Conference: Alternative Dispute Resolution in Indigenous Communities (ADRIC)



ADRIC 2015 provides a unique opportunity for delegates to discover the latest thinking in mediation practice from leading practioners working in an variety of Indigenous fields.

The conference focuses not only on the benefits of cost savings and prevention of hostile ongoing relationships, but also the parties’ self-determination which is fundamental to the mediation process.

ADRIC 2015 includes interactive sessions for delegates to gain practical experience from mediation experts working with Indigenous communities.

Who should attend?

ADRIC 2015 is aimed at anyone working in the legal, government and not-for profit sectors. Qualifications in law or mediation are not necessary however the conference does qualify as CPD activity for lawyers and mediators.


27 & 28 July, 2015

ADRIC 2015 Program

Melbourne University

University House at the Woodward
Level 10, Law School.
185 Pelham St, Carlton 3052

Day 1 – Monday 27 July

9.00am Registration
9.30am Introduction from Matthew Storey, CEO of
Native Title Services Victoria
Welcome to Country by Aunty Di Kerr,
Wurundjeri Elder
Opening Performance
10am Aboriginal Decision Making, Problem Solving and Alternative Dispute Resolution – Challenging the Status Quo
Keynote Speaker: Helen Bishop
11am Morning Tea
11.30am Emerging Trends, Challenges and Opportunities in Current Practice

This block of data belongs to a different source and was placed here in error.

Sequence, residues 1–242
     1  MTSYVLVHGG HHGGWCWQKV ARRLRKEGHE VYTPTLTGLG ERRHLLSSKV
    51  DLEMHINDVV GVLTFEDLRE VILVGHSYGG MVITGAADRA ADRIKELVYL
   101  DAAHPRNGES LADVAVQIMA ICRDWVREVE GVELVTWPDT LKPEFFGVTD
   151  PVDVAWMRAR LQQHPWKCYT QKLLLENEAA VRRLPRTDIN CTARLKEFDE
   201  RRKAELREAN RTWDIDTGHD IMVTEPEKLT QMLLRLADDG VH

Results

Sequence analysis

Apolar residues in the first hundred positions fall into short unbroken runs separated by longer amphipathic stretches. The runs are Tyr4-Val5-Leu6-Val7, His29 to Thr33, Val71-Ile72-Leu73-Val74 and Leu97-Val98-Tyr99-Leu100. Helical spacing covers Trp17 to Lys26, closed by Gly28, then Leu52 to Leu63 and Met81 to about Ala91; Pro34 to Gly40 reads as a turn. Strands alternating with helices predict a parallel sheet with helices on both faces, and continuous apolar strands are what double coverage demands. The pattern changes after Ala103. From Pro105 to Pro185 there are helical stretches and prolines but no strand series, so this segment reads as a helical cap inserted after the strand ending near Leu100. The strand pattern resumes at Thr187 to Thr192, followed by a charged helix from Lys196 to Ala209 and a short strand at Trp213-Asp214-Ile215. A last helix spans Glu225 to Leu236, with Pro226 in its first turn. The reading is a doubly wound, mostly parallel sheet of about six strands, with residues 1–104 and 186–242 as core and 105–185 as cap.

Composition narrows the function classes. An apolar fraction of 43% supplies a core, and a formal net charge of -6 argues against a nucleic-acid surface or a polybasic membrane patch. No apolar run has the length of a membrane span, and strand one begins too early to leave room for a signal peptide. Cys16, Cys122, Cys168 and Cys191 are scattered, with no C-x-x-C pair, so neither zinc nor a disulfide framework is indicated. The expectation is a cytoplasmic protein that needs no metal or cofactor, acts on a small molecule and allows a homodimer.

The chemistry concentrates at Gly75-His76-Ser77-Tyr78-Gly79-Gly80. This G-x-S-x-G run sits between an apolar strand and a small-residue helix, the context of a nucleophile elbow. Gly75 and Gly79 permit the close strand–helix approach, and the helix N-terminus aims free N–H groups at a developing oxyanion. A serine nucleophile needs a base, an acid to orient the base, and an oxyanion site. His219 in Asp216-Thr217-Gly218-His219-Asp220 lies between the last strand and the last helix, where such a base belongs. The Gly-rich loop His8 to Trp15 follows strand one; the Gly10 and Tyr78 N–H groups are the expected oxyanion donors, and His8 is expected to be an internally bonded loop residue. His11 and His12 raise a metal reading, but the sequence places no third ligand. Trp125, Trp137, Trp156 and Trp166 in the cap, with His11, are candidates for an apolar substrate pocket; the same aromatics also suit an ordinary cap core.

Graham Atkinson, Dja Dja Wurrung Clans Aboriginal Corporation
Meena Singh, Victorian Aboriginal Legal Service
Daphne Yarram, Koori Court
Ivy Yarram, Yoowinna Wurnalung Healing Service
Chair: Dr Valerie Cooms, National Native Title Tribunal
1pm Lunch
2pm Seminar: Lost Conversations : Finding new ways for black and white Australia to lead together
3.30pm Afternoon tea
4pm Returning Economic Benefits that Exceed Costs:
The Yuendumu Experience
In 2010 Yuendumu was wracked by conflict.  The Yuendumu Mediation and Justice Committee (YM&JC) is an innovative, responsive and highly effective Indigenous designed and driven initiative that has succeeded in restoring stability and harmony to the community.  It has played a powerful role in breaking cycles of disadvantage, distress and suffering caused by unmanaged community conflict and is a positive and compelling example of the drive, vision and commitment of Aboriginal people in Central Australia to take control and responsibility for matters in their community and their effectiveness and skill in doing so.
 In 2014 a cost benefit analysis (CBA) showed that YM&JC returned economic benefits that far exceeded its economic costs. CBA is a powerful tool that is widely used by governments to evaluate the impact of projects on the economic welfare.  This seminar explores the importance of conflict management as the foundation for community resilience and efficacy and the effectiveness of CBA as an evaluation tool.

Professor Anne Daly and Greg Barrett, University of Canberra

5pm Networking Drinks


Day 2 – Tuesday 28 July 2015

9.30am Learning from the Past: Towards Indigenous Dispute Management and Decision-Making Services
Toni Bauman – via video
10am Prevention is Better Than Cure
Raelene Webb QC, National Native Title Tribunal
Janine Coombs, Federation of Victorian Traditional Owner Corporations
Christine Fewings, Federal Court of Australia
Jana Stewart, Right People for Country Program
Chair – David Bryson, Resolve Advisors
11.30am Morning Tea
12pm How to Develop a Respectful Practice – Sharing and Reflecting on Experience
Bronwyn Penrith, Moreton Consulting
1pm Lunch
2pm Participatory Workshops
 David Bryson, Jim Cyngler and Bronwyn Penrith
3.45pm Afternoon Tea
4.15pm The Future for Alternative Dispute Resolution in Indigenous Communities 
Matthew Storey – CEO, Native Title Services Victoria
5pm Close


For more information please visit the Native Title Services Victoria Website: